• saw my family for the first time in six months
  • spent as much time as i could with my best friend/love of my life
  • drank cheap beer
  • enjoyed top-notch missouri humidity
  • ate a truly appalling amount of meat and starch
  • evened out my heinous farmer’s tan
  • played with my cats
  • fired up the smoker

and so, as summer draws to a close here in japan, i figured i would cook a tremendous (see: over-sized, far to big for one human to finish) meal to celebrate all the good times i had.  and here’s what i came up with.

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the club sandwich: and i’m not even a member.

the term “club sandwich” is misleading for a lot of people.  some people think it is a particular sandwich composed of cold cuts, bacon, lettuce, tomato, and mayo.  some people attach the word club to a frilly toothpick.  still others qualify any sandwich that has three pieces of bread as a club sandwich

because it doesn’t seem like this issue will be settled any time soon, i decided that i too should contribute to the quagmire of opinions.  if you ask me, a club sandwich, rather than being defined by its contents, seems to be defined by its shape and the sides with which it is served.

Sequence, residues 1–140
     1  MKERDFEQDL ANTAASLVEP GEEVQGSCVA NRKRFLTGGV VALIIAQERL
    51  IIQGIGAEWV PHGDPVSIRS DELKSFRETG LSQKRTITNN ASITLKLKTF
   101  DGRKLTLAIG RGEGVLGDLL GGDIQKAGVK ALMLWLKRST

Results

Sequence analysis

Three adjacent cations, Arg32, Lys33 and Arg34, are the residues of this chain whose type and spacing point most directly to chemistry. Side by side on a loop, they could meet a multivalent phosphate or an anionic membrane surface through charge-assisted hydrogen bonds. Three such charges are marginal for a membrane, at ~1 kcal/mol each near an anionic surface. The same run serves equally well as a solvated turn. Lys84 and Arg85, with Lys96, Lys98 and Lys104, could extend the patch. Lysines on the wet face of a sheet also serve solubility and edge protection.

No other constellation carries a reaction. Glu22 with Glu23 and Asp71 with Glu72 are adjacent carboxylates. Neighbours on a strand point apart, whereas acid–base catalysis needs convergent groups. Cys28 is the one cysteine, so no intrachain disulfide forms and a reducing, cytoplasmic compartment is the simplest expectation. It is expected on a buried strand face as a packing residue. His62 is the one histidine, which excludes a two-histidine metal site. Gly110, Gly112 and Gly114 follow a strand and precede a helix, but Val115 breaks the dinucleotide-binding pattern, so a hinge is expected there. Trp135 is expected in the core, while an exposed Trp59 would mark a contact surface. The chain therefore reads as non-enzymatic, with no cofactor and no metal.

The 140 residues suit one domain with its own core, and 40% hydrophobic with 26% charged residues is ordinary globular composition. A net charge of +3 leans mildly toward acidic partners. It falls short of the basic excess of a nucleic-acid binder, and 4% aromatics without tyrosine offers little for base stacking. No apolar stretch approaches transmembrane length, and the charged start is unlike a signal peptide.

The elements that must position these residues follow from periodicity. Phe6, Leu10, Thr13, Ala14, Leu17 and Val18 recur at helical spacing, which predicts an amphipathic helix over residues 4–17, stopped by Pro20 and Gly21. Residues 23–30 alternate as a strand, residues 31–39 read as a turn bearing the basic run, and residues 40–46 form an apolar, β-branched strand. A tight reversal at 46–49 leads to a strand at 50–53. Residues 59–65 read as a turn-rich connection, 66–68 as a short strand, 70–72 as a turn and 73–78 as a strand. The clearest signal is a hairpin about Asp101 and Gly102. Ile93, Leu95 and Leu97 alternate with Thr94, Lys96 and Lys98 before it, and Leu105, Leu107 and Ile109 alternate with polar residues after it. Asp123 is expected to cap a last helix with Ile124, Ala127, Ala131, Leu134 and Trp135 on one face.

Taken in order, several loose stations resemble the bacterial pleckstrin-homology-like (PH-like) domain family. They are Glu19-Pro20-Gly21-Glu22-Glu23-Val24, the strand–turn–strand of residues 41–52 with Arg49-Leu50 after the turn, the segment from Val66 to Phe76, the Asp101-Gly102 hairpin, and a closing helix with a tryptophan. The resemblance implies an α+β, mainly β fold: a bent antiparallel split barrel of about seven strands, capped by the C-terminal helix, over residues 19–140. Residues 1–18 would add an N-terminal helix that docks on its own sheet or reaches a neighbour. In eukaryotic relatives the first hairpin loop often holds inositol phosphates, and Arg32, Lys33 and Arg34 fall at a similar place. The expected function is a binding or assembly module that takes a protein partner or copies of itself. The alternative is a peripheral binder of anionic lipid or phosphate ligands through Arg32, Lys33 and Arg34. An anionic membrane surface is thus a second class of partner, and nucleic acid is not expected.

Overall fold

some club sandwiches contain roast beef, some contain mustard, some are served with pickles and still others are not.  but i challenge you to find a restaurant version of the club sandwich that isn’t cut into triangles and served with a side of some form of potatoes (whether chips or fries or potato salad).  although it might seem strange, it makes sense to me that the defining feature of a club sandwich is its sides and the manner in which it is plated (namely, cut twice instead of in half).

my personal club sandwich contains bacon, tomato, and three pieces of toasted bread, but that is where the similarities to your run-of-the-mill restaurant club end.  homemade chips, homemade condiments, and crispy home-cured bacon make my club a homey force to be reckoned with.

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breakfast: an american tradition.